Davenport’s Cigarette Outlet store has a policy that goes into effect Tuesday: Anyone under the age of 30 will be carded before they buy tobacco products or liquor.
“That’s our new company policy,” said Jessica Nicholson, the store manager. “They have to prove their age.”
The legal age to smoke remains at 18 years, but federal law has forced changes in advertising and marketing at convenience stores such as the Cigarette Outlet. Stores are working to comply.
At the same time, people who smoke say a different package or warning device won’t dissuade them from buying cigarettes in the first place.
Thomas Garcia Sr. is more concerned about the price of cigarettes than the labeling, but the 36-year-old does want to know whether a cigarette has “low tar” content or is “mild” in taste.
“That would be my concern,” the Davenport man said, explaining that he wants to know the taste of the product before he buys it.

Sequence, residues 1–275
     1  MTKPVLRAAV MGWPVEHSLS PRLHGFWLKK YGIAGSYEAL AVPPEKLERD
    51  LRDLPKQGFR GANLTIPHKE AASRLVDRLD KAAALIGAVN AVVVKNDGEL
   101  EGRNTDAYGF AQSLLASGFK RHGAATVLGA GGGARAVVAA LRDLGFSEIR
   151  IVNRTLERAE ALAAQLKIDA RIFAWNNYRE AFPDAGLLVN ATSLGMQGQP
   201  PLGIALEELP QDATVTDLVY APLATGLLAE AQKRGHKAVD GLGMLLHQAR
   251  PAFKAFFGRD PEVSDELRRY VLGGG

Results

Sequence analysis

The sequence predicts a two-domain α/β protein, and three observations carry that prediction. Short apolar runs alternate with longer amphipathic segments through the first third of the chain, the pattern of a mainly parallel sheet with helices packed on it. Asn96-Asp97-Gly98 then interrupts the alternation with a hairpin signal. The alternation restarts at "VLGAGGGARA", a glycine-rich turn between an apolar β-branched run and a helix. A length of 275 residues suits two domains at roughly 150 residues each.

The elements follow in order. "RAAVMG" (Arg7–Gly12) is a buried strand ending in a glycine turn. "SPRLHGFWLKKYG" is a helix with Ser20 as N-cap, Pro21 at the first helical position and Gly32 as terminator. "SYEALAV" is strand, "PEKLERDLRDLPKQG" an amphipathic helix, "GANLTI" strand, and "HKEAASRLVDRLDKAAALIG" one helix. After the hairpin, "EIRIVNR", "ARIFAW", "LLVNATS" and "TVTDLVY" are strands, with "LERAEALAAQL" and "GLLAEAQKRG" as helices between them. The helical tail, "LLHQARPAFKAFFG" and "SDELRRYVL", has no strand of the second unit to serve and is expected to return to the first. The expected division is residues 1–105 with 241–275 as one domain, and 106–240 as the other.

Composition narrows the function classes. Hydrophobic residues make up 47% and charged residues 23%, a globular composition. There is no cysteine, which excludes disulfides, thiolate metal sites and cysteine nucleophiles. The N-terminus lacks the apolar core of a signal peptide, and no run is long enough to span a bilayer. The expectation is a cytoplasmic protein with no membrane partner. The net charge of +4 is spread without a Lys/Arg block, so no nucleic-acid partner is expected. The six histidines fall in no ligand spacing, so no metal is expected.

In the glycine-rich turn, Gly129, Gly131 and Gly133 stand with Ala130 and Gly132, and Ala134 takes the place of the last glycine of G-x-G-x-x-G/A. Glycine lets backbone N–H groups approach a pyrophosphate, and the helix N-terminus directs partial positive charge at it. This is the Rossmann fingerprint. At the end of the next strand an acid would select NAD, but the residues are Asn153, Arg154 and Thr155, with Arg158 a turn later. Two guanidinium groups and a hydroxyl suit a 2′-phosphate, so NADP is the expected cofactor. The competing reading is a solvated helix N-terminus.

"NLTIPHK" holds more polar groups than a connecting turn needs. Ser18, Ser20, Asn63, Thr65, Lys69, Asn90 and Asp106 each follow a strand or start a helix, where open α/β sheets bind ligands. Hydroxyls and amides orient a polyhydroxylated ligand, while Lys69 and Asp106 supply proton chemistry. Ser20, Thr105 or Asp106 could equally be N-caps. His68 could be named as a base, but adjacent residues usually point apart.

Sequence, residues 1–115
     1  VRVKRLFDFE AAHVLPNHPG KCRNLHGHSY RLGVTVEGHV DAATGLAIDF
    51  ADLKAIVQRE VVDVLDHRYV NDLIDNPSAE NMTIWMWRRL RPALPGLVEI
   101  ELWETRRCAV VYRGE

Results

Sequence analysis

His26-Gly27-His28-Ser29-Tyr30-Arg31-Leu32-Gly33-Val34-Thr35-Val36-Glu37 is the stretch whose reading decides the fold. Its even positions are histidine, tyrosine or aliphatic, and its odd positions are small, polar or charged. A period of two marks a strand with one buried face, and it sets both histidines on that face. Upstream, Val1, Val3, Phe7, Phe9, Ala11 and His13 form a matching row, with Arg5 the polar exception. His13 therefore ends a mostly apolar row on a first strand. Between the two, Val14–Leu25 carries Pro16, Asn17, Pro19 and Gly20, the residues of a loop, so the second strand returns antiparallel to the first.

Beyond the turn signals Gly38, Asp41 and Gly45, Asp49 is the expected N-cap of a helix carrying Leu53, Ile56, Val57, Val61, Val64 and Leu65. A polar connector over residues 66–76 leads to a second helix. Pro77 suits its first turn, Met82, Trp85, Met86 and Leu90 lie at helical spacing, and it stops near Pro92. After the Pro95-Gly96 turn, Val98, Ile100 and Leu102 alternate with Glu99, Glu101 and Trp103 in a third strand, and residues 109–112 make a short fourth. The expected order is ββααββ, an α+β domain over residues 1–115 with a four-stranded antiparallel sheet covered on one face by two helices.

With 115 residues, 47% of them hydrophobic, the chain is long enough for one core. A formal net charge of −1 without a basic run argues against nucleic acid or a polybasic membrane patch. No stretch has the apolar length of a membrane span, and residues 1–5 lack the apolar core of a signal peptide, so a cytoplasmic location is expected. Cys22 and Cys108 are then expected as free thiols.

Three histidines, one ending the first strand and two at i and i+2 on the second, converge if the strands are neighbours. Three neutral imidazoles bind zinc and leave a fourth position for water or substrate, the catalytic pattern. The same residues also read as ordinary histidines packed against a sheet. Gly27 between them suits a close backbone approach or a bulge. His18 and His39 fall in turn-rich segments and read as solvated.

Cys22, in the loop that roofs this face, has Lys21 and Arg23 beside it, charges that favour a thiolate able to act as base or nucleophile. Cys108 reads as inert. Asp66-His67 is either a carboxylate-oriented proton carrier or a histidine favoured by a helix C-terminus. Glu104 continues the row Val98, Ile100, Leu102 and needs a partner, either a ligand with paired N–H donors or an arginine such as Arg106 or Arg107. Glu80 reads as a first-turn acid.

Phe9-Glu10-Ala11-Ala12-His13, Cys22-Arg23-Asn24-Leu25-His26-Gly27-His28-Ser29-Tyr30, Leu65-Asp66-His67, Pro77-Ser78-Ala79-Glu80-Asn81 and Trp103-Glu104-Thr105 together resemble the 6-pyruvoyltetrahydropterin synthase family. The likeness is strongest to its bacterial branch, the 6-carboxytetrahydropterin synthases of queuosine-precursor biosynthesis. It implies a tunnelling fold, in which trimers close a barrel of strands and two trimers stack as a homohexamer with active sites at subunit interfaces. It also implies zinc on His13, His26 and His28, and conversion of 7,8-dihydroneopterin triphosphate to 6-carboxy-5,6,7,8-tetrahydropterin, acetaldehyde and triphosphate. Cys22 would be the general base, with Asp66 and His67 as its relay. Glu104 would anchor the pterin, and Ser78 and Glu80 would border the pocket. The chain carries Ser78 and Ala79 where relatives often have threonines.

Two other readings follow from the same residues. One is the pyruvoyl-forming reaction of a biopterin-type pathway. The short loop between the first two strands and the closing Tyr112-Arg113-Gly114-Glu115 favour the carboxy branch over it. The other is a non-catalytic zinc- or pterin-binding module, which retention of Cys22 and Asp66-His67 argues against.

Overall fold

Garcia’s questions about taste are common, said K.C. Ramesh of the Aman Travel Center in downtown Davenport. The store is busy with customers who buy cigarettes, but confusion is common as the packages change to very simple trademarks and color designs.
Tightened federal regulations mean more accurate information is required on the products so that consumers can make better decisions, said Brooke Barnes, the Scott County coordinator for Tobacco Free Q-C.
“With the youth smoking rate in Iowa hovering at around 19 percent, the new FDA (U.S. Food and Drug Administration) regulations will help heighten awareness for youth about not starting smoking and tobacco use,” Barnes said in an e-mail.
Different cigarette packages don’t bother Amanda Connolly, a 28-year-old student at Scott Community College’s Kahl Educational Center in Davenport. Connolly, who has smoked since she was 15 years old, uses the habit to calm
“The packages won’t change me,” she said, noting that she does try to quit smoking from time to time.
Bob Thennis, 56, of Davenport has smoked for more than 40 years and has seen a lot of package designs in that time. The various warning labels don’t affect him, and he’s not planning to stop smoking anytime soon, he said. Thennis picked up the smoking habit as a teen, particularly when he served in the military. He is also a student at the Kahl Educational Center.
Dennis Green, 43, of Davenport doesn’t care whether cigarette containers come in “hundreds of different colors,” he said. While the bright colors might attract more youth interest, it won’t affect his own decision on whether or not to smoke, he said.